Jarden stood, and in a dismissive tone, as if all of it was absurd, argued, “I for one, believe the tale to be a bit fanciful. I vote that we ignore the entire situation as a child’s distorted view of the world. But I would not be offended if we sent a scouting party, as Grok has suggested. What say the council?”
“I agree with Grok,” answered Mand. “He is the most well-versed on orc-kind and nearly the eldest of all on the council. And, although I think that young Remence is probably just mistaken, it cannot hurt to discover the accuracy of his tale. I vote to send a tracking party out to assess a threat, if it exists. It is better to know of a threat and be prepared rather than to simply ignore it.”
Jarden responded, as he looked at the other two. “And the rest?”
Falen hesitated. “I agree with Grok’s idea, and I think it to be the most prudent, considering his experience.” He paused, then added, “If there is any evidence to suggest that the orcs are even a fraction of the size of the force Remence has described, I’m with the lad.”
“Kael?” scoffed Jarden, as if he already knew his answer.
“My son saw what he saw. I stand by his word. I vote that we flee. Immediately, as he has counseled.”
“Brothers. Sisters. You have heard The Hand’s counsel. What say you?” Mand, inquired of the people.
Nearly the whole village was in accord with Grok, and the other three council members’ votes.
When he heard the decision, Remence pleaded with the council. “Please. We mustn’t stall. This army will be upon us within two days. We cannot afford to scout! I mean no disrespect, but if we delay, if we take the time to scout, we will be hard pressed to get to the Gate.”
“The council has decided, young Remence. The village has decided,” reprimanded Grok. “I have even shown you my support. I think that you are correct, there is a threat, but we are more of the mind to fight as opposed to flee.”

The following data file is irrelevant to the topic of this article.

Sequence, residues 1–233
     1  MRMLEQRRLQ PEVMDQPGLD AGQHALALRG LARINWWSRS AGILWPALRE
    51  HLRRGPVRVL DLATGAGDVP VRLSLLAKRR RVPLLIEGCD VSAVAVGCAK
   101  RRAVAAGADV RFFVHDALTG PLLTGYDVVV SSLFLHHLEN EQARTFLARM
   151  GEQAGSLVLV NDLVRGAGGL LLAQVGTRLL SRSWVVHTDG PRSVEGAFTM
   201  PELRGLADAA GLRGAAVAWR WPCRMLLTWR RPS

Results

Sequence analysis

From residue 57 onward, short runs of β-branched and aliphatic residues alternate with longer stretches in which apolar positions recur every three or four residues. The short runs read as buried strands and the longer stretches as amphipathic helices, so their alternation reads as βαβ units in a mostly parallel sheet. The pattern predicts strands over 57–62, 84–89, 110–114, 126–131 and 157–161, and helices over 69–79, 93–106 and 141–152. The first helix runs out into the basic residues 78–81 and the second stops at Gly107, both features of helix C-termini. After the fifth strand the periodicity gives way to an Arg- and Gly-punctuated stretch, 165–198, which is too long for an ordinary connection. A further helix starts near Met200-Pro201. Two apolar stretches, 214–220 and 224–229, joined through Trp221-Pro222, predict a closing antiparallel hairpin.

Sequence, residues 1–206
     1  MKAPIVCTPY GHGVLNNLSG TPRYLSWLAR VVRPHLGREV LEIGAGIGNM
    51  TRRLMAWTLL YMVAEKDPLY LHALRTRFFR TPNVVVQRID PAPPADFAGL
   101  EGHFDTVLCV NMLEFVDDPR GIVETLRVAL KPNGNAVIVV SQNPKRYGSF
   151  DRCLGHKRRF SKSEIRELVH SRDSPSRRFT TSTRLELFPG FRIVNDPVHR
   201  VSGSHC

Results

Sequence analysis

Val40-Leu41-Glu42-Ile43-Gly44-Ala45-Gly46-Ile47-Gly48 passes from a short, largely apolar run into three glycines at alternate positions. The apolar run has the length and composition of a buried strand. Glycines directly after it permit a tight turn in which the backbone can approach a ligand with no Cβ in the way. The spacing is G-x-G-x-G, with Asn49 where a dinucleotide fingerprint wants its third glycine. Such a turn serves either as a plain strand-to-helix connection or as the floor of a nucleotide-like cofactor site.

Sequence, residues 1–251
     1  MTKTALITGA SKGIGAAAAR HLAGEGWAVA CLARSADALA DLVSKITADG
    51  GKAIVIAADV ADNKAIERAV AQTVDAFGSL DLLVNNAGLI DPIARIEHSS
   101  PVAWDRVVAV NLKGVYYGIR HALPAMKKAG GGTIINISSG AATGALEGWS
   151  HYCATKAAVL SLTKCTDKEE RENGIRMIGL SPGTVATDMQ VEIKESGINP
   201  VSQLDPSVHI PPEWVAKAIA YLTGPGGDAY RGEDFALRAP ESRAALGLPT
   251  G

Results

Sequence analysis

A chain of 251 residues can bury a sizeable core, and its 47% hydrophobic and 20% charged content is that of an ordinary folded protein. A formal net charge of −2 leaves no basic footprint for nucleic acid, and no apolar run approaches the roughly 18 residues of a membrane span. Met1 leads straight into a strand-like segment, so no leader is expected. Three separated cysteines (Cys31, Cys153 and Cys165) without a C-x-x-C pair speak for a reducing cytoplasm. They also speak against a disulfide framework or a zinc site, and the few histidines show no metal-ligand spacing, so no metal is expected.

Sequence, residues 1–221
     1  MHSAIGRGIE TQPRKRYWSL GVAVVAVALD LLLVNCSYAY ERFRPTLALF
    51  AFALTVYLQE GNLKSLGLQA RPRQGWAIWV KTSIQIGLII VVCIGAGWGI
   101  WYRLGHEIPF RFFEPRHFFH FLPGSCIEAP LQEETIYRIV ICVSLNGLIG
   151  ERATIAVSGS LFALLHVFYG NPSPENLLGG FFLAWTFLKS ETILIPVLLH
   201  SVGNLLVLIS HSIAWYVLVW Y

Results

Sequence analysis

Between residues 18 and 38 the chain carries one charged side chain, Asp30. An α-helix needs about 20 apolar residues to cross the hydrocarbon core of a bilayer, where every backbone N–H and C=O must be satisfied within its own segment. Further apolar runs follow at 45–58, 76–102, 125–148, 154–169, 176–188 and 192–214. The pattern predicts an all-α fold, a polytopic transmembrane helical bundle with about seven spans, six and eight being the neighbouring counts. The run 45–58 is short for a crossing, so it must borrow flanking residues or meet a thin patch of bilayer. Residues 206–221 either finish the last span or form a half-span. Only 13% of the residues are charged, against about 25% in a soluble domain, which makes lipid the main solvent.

Grok pushed himself up from his chair and addressed the village. “We have forty strong warriors here in the village. We should be able to hold off even twice our number, especially if we prepare our defenses. Orc-kind, even when they band together fight amongst themselves as opposed to acting like a cohesive group.” He turned his attention back to Remence. “That, my young Remence, will work in our favor.”
Remence pleaded with Grok. “You don’t understand, I’m talking about hundreds! Five, six, seven hundred. And, well-armed. This is no rag-tag group. They are organized, and they are heading this way. You heard what I said prior to my fight with the two orcs. They were yelling at one another then calmed. They did not come to blows. These orcs are acting differently. Just the opposite of what you describe.”
Remence then whirled around and implored with the rest of the village. “This group of orcs is cohesive and disciplined. Many tribes who have banded together not to wage war on another tribe, but to wage war on man. They are hell-bent on wiping out the goodly races of Dacturn and Barrondon. No matter what preparations we make, no matter how strong our fighters, we will be overrun. Please. You must listen. We have to flee!”
“The council has spoken. Four to one. We will do it Grok’s way, and there will be no more debate,” Jarden said with a finality, putting an end to Remence’s pleadings.
Well. There it is. The Hand decided against Remence. What will happen? You can find out in a few weeks when I post Chapter 5. But first we will be jumping back into the lives of our Rogues: Caladin and Quinn with Chapter 4 coming out next. Let me know what you think by going to my website: johndpepeauthor.com, emailing me at email@example.com, or simply posting a comment here at godamonggeeks316.com. Don’t forget the book should be available for pre-order in about a month.
6 Comments Add yours
Love it. Gotta take those stands when we become young adult.
Yes you do. Even when you don’t want to.
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Life with all it’s challenges are designed to grow children into adults. It’s when we fight against it and not through it, that a person is stunted and immature.
Yes. Learning to accept responsibility even through possible failures
Challenges, and rising to them, allow us to grow and mature
Challenges, if we rise to them, allow us to grow